The sum of the years' digits, often referred to as SYD, is a form of accelerated depreciation. (A more common form of accelerated depreciation is the declining balance method used in tax depreciation.) The sum of the years' digits method will result in greater depreciation in the earlier years of an asset's useful life and less in the later years. However, the total amount of depreciation over an asset's useful life should be the same regardless of the depreciation method used. The difference is in the timing of the total depreciation.
To illustrate the sum of the years' digits method of depreciation, let's assume that a plant asset is purchased at a cost of $160,000. The asset is expected to have a useful life of 5 years and then be sold for $10,000. This means that the asset's depreciable amount will be $150,000 to be expensed over its useful life of 5 years.
Next the digits in the years of the asset's useful life are summed: 1 + 2 + 3 + 4 + 5 = 15. In the first year of the asset's life, 5/15 of the depreciable amount (5/15 of $150,000) or $50,000 will be debited to Depreciation Expense and $50,000 will be credited to Accumulated Depreciation. In the second year of the asset's life, $40,000 (4/15 of $150,000) will be the depreciation amount. In the third year, $30,000 (3/15 of $150,000) will be the depreciation. The fourth year will be $20,000 (2/15 of $150,000) and the fifth year will be $10,000 (1/15 of $150,000). As indicated earlier, the total depreciation during the asset's useful life needs to sum to the depreciable cost (in this case $150,000) regardless of the depreciation method used.
Instead of adding the individual digits in the years of the asset's useful life, the following formula can be used: n(n+1) divided by 2. In this formula, n = the useful life in years. Let's use the formula to check our calculation above. When the useful life is 5 years, the formula will be 5(5+1)/2 = 5(6)/2 = 30/2 = 15. If the useful life is 10 years, the formula will show 10(10+1)/2 = 10(11)/2 = 110/2 = 55. In the first year of the asset having a 10 year useful life, the depreciation will be 10/55 of the asset's depreciable cost. The second year will be 9/55 of the asset's depreciable cost. In the tenth year, the depreciation will be 1/55 of the asset's depreciable cost.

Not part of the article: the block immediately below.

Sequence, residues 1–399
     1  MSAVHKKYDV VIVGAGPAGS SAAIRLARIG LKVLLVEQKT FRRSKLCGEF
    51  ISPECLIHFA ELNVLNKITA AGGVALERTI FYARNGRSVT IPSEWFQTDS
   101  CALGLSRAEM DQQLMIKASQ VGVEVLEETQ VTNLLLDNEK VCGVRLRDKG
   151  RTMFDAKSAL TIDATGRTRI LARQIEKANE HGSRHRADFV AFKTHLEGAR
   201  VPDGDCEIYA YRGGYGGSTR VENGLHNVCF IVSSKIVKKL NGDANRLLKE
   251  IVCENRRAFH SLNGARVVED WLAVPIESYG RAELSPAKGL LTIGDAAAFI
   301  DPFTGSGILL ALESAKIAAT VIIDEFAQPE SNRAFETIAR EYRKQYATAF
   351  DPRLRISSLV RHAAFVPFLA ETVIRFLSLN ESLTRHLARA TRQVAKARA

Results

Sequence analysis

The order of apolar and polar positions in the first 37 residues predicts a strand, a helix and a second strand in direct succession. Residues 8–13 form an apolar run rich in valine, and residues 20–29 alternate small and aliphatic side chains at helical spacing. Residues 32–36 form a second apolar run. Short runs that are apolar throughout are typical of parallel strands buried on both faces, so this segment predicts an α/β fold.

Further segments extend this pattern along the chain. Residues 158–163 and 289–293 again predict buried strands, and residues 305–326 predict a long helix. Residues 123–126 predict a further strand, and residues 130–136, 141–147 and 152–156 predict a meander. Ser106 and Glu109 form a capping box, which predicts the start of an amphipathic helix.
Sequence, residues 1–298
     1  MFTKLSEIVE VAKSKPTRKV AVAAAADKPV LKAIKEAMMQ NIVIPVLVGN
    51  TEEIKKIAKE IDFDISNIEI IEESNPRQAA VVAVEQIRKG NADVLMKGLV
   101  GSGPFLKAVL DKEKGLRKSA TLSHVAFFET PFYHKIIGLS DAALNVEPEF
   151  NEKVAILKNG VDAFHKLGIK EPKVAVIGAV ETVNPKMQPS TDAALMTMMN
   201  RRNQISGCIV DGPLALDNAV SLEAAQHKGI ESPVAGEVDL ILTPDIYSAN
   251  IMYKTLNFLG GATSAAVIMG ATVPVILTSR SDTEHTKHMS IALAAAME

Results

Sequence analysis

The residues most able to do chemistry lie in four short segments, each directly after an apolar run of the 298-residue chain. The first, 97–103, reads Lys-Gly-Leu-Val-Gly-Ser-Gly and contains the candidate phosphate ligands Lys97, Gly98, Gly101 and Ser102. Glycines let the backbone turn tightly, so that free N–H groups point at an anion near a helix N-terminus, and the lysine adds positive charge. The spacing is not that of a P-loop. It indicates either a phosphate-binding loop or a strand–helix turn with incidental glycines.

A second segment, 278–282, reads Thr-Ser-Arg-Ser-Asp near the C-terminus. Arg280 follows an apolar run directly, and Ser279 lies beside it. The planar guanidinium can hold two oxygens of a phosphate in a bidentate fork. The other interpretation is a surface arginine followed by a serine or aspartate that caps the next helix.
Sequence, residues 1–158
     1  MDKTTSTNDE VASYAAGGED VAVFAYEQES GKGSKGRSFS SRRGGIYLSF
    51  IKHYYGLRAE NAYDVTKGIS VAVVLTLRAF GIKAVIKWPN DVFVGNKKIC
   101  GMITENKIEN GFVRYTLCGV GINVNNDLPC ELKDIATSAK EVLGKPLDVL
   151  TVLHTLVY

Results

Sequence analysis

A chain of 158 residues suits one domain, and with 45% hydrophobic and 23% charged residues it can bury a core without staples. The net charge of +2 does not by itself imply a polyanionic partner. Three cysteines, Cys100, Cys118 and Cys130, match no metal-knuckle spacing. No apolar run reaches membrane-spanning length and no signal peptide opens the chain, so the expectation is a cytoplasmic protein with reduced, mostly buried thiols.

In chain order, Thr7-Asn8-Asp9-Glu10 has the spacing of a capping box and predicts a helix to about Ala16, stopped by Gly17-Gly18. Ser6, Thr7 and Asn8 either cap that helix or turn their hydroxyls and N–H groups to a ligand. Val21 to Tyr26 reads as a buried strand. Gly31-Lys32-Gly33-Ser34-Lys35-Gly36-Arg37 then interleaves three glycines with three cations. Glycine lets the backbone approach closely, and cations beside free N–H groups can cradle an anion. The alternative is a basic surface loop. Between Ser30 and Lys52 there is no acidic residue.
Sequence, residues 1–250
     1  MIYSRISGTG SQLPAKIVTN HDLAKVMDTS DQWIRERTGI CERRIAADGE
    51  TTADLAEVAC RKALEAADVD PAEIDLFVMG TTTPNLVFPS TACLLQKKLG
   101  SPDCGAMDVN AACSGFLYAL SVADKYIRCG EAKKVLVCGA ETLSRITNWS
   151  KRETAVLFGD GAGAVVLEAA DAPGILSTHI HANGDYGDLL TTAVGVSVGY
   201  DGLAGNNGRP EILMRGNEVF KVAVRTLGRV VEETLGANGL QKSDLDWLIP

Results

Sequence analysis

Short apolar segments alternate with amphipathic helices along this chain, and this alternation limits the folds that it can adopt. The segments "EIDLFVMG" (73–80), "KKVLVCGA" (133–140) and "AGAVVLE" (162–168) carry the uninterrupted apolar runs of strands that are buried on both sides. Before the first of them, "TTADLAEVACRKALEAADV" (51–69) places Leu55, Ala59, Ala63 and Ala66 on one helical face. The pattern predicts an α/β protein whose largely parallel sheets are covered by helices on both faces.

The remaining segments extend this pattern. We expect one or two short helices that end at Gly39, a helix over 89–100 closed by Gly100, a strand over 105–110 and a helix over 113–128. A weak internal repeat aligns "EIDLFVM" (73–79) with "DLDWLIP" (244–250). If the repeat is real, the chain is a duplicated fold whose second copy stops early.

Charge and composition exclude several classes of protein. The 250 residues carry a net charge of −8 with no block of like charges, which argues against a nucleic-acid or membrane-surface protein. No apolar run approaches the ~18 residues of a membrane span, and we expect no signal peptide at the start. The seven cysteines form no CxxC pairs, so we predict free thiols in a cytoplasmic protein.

A trial balance is a bookkeeping or accounting report that lists the balances in each of an organization's general ledger accounts. (Accounts with zero balances will likely be omitted.) The debit balance amounts are listed in a column with the heading "Debit balances" and the credit balance amounts are listed in another column with the heading "Credit balances." The total of each of these two columns should be identical.
In a manual system a trial balance was commonly prepared by the bookkeeper in order to discover whether math errors and/or some posting errors were made. Today, bookkeeping and accounting software has eliminated those clerical errors. This means that the trial balance is less important for bookkeeping purposes since it is almost certain that the total of the debit and credit columns will be equal.